Melody Parra, photographer

“If you’re good at something, never do it for free,” a friend once advised me about freelance work. I know he had a good point, but I am admitting to you right now that for the last couple of years, I’ve been giving away a set of portrait sessions. I know that I shouldn’t, but I do. I do it because as much as I believe in the YWCA’s mission, ‘Eliminating Racism, Empowering Women,’ I can’t afford to make a sizable donation.

Come on! I make my living as a professional photographer. I also know that time is money and I’d say that my half-day rate could be referred to as a reasonable amount. So, instead of writing a check that would fund the YWCA’s amazing programs, I block off one Sunday in April so I can photograph the residents of the Sara McKnight Transitional Living Center.

The families of the TLC, as it is commonly called, are in the midst of rebuilding their lives. They are coming back from the verge of homelessness, working full-time jobs, raising a family and learning how to become financially stable in order to return to self-sufficiency. Family portraits aren’t a priority, but I know they are special to every family. And so do all the other photographers who volunteer to provide portraits.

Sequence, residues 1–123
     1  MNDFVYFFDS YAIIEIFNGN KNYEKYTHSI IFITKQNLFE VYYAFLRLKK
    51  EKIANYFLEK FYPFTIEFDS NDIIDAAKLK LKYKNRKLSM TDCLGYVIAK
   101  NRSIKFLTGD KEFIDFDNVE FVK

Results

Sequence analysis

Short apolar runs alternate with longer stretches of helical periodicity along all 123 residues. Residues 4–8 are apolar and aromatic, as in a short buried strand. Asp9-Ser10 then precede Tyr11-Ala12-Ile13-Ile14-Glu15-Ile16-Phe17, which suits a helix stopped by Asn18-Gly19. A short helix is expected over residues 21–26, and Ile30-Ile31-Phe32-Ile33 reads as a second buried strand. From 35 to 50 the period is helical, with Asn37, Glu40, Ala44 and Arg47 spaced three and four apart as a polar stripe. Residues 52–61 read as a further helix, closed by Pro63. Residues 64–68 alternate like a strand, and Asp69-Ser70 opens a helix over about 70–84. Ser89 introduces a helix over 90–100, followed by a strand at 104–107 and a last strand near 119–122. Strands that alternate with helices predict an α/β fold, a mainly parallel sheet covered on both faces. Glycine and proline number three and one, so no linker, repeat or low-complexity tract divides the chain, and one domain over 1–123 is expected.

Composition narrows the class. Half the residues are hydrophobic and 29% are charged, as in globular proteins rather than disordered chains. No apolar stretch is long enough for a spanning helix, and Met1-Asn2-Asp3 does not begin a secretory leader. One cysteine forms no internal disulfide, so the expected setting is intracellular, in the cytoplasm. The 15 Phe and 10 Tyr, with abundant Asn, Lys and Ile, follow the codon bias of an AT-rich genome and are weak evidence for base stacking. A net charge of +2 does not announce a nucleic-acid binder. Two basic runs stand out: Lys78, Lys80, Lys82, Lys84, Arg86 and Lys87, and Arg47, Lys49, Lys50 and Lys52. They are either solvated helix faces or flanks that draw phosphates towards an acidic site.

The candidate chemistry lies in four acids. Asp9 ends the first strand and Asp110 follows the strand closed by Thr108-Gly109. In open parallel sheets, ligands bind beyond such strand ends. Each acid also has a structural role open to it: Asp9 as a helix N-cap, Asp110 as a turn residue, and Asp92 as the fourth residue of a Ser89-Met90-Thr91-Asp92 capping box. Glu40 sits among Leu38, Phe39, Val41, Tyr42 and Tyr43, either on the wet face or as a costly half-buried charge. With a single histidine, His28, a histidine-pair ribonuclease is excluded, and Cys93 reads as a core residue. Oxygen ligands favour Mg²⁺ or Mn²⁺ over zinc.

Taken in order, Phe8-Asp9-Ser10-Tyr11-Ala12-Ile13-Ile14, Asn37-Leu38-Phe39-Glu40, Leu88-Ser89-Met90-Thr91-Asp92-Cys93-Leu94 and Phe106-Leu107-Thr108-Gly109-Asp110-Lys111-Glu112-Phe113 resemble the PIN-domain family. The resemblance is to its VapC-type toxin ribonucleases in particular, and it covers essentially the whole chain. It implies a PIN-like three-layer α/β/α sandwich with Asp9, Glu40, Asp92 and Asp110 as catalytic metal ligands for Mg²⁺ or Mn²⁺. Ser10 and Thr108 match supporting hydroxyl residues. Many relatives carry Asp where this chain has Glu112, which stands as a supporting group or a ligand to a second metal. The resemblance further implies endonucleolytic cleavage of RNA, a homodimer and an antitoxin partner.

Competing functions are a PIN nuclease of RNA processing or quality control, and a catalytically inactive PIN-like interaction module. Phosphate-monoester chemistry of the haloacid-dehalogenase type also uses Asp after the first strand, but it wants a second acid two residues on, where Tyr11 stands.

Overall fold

We mistakenly think of donations only as food drives or oversized checks mounted on foam boards. Each of us has a gift that can be shared with others, whether it is a craft, a service, professional experience or a little bit of time. You don’t even have to be a professional; you just have to find it in your heart to give of yourself.

I said something similar to a friend I attempted to recruit as a volunteer for CASA (Court Appointed Special Advocates). She loves children but is not ready to be a parent, so I asked her to channel that passion into children who need a voice in the Texas court system. She was concerned that school and work would not allow her any free time to do so. I urged her to think about it. Yes, it takes time to volunteer, but even a small amount of time can create a positive change in someone’s life.

I was ecstatic when she recently messaged me to let me know that she had decided to volunteer. She was nervous about how overwhelming her next semester would be, but is looking forward to working with a child. This season is one that reminds us that we are each blessed. No matter how little we think we have, we can still have something we can give to others.

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